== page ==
Возврат на главную страницу Возврат на главную страницу Возврат на главную страницу Возврат на главную страницу Возврат на главную страницу
The subject index / Deaf-Mute School

Deaf-Mute School

Categories / Science. Education/Educational Institutions

DEAF-MUTE SCHOOL is one of the oldest deaf-mute pedagogical schools in Russia. It was founded as an experimental institution by Empress Maria Fedorovna (who sponsored it until 1810) in Pavlovsk in 1806. From 1810 it was situated in the Bip Fortress and from 1820 in St. Petersburg, at Vyborgskaya Side, at 18/54 Gorokhovaya Street in the building that was bought by the Treasury for the Deaf-Mute School in 1817 (built in the late 18th century, rebuilt in 1817-20, architect G. Quadri, and in 1844-47, architect P.S. Plavov). In 1828 it became a part of the Empress Maria's Institutions Office (designed for 24 pupils). The first director (in 1810) was J.B. Joffre, a student of the deaf-mute pedagogue R.A. Sikara. In the mid-19th century the School opened classes in handicraft, cooking, typography, workshop and library. In 1860, the director Y.T. Speshnev was the first to introduce studies in oral (articulatory) speech. In 1896-1901, the director A.F. Ostrogradsky leveled education programs for boys and girls and in 1900 closed the mimic faculty. In 1901, the so-called natural method of lip reading was implemented, which taught lip reading skills from continuous speech rather than from a teacher's articulation. The educational program consisted of Divine Law, Russian, arithmetic, geography, history, the overview of natural sciences and physics, drafting, drawing, modeling and a practical knowledge course, consisting of manual labour for boys and handcrafts for girls. The curriculum was designed for 9 years; children were accepted at the age of 7-9 years. The school staff consisted of 120 people on scholarship and 42 people who paid. Pedagogues were also trained there to teach deaf-mutes. Among the teachers were the deaf-mute pedagogues G.A. Gurtsov (director since 1824), V.I. Fleri (director since 1838), I.Y. Seleznev (director since 1865), N.M. Lagovsky. At the Paris Universal Exhibition of 1900 the Deaf-Mute School received an honorary diploma for quality education. In 1900, a farm was created for the Deaf-Mute School at Murzinka country house (near Rybatskoe village). The educational building-chapel was constructed for the Mariinsky School (1903, architect I.A. Pretro). The buildings of the school and workshops were preserved (17 and 21 Progonny Lane). After 1917, the Deaf-Mute School became a part of the Soviet education system. In 1918, it was transformed into the Deaf-Mute Institute (with an affiliated school). In 1924-38 it acquired regional status. Until 1948 it was the Central Boarding School for Children Hearing and Speech Disorders, then after 1948, it became the Leningrad Boarding School #1 for Deaf Children. Since 1969 it has been situated on the territory of Lensky's former summer residence (4 Engelsa Avenue).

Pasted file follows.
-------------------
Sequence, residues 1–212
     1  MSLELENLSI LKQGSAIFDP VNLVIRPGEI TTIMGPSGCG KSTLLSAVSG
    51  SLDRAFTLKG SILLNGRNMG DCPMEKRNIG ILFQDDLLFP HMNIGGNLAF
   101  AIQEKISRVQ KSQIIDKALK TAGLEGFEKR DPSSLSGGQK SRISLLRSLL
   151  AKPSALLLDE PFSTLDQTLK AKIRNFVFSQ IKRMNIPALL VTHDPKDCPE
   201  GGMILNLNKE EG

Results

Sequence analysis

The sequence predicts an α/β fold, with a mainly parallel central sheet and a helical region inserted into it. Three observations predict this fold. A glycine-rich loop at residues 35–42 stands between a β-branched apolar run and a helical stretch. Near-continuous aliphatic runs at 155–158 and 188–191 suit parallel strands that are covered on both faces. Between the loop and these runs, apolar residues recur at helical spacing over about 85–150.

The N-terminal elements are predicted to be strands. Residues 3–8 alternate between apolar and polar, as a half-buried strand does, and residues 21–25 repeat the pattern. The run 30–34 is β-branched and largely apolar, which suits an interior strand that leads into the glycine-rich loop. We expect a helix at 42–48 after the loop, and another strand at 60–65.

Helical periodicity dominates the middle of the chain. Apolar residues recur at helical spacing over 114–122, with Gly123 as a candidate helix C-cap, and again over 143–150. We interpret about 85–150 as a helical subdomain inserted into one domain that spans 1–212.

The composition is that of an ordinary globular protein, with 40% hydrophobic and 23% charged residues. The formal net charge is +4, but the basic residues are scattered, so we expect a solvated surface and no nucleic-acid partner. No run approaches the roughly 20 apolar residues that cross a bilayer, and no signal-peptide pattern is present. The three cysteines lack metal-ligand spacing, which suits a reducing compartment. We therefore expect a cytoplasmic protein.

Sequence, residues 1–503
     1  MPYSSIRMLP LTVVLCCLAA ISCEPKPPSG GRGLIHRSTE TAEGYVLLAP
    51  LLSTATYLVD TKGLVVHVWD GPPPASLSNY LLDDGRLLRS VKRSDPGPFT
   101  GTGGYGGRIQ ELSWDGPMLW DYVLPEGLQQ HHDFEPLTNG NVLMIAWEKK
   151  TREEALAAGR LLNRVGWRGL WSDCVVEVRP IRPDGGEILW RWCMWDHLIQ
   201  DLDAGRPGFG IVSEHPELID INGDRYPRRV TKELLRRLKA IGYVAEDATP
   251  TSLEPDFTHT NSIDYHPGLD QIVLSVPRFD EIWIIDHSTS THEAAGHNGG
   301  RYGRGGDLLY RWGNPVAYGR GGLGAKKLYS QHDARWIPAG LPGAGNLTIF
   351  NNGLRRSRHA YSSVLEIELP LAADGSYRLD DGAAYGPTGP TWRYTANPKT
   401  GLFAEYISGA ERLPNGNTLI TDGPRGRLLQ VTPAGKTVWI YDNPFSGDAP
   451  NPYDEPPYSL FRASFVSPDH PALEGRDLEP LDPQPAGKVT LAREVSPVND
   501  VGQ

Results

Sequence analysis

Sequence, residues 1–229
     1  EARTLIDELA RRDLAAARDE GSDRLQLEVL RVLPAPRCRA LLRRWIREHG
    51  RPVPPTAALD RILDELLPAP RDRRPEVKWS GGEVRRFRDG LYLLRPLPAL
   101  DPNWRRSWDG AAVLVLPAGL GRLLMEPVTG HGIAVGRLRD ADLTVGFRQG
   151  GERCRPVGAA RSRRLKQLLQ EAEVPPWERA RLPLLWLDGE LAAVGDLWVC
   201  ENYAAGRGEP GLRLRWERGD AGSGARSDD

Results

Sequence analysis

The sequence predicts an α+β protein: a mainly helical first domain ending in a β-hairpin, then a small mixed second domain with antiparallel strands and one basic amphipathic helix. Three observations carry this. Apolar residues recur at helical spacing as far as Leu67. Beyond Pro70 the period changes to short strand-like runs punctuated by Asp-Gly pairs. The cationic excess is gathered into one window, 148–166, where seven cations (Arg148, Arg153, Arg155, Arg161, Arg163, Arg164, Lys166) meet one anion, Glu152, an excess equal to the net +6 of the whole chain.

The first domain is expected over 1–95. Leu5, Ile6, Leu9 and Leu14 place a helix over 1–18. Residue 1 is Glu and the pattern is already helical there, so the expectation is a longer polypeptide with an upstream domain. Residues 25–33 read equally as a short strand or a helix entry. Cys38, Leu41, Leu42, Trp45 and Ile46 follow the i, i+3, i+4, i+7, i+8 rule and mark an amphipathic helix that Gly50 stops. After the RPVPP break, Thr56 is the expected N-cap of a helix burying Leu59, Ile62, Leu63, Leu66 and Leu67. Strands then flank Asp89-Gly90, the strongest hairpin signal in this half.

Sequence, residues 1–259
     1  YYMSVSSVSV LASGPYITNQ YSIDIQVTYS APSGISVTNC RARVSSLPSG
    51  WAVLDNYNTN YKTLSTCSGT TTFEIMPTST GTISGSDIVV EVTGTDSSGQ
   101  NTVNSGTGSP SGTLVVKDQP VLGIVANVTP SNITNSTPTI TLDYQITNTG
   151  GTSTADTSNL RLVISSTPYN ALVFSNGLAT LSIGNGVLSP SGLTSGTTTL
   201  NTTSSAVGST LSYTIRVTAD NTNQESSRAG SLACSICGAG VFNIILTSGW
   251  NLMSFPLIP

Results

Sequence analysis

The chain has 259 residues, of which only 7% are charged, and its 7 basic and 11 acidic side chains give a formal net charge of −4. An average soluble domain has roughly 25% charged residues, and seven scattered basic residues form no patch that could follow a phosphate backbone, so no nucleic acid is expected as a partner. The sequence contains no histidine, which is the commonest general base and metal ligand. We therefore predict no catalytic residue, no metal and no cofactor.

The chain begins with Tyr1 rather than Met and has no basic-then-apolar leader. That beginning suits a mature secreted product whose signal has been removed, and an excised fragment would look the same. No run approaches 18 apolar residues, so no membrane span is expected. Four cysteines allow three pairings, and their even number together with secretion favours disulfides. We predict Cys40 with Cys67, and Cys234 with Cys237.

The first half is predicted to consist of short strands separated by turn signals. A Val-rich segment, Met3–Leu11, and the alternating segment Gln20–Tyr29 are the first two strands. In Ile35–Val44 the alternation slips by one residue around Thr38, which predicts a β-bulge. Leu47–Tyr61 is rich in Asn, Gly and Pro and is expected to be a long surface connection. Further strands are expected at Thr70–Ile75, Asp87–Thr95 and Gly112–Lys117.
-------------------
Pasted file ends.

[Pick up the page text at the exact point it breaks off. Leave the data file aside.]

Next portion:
References: Лаговский Н. М. С.-Петербургское училище глухонемых (1810-1910): Ист. очерк. СПб., 1910; Векслер А. Ф. История Рыбацкого от его основания до наших дней // Рыбацкая слобода: Лит. и ист.-краевед. альм. СПб., 1995. [№ 1]. С. 34-35.

Е. М. Balashov, A. F. Vexler, K. Davidovskaya.

Fleri Viktor Ivanovich
Gurtsov G.A.
Joffret J.B.
Lagovsky Nikolay Mikhailovich
Maria Fedorovna, Empress
Ostrogradsky A.F.
Plavov Peter Sergeevich
Pretro Ippolit Alexandrovich
Quadri Domenico
Seleznev I.Y.
Sikara R.A.
Speshnev Ya.T.
the Lanskys

Engelsa Ave/Saint Petersburg, city, house 4
Gorokhovaya St./Saint Petersburg, city, house 18/54
Progonny Lane/Saint Petersburg, city, house 21
Progonny Lane/Saint Petersburg, city, house 17
Выборгская сторона

Лаговский Н. М. С.-Петербургское училище глухонемых (1810–1910): Ист. очерк. СПб., 1910
Векслер А. Ф. История Рыбацкого от его основания до наших дней // Рыбацкая слобода: Лит. и ист.-краевед. альм. СПб., 1995

The subject Index
Empress Maria's Department of Institutions

Charity (entry)

CHARITY, philanthropic activities, aimed at extending aid to the needy and carried out by social and church organisations, state establishments, as well as by private persons for religious, moral and humane reasons (public and private charity)

College Buildings

COLLEGE BUILDINGS, group of college buildings including classes, workshops, library, assembly hall, recreation rooms, dormitories, etc. Among the first college buildings were the buildings of the Cadet Corps, Academy of Arts, Foster House

Empress Maria's Department of Institutions

EMPRESS MARIA'S DEPARTMENT OF INSTITUTIONS, a central public institution, which administered charitable organizations, as well as women’s and special educational institutions

Glinka M.I., (1804-1857), composer

GLINKA Mikhail Ivanovich (1804-1857), composer. Lived in St. Petersburg from 1817; in 1818-22, studied at the Noble Boarding School of the Main Pedagogical Institute (164 Fontanka River Embankment). Glinka's tutor was W.K. Kuchelbecker

Maria Fedorovna, (1759-1828), Empress

MARIA FEDOROVNA (1759-1828, St. Petersburg), Empress (from 1796). Nee Sophie Dorothea Auguste Louise, Princess of Wurttemberg. She was Emperor Pavel I's second wife (from 1776)

Pedagogical University

PEDAGOGICAL UNIVERSITY, Herzen Russian State Pedagogical University, situated at 48 Moika River Embankment. It originates from the Imperial Foster Home founded in 1797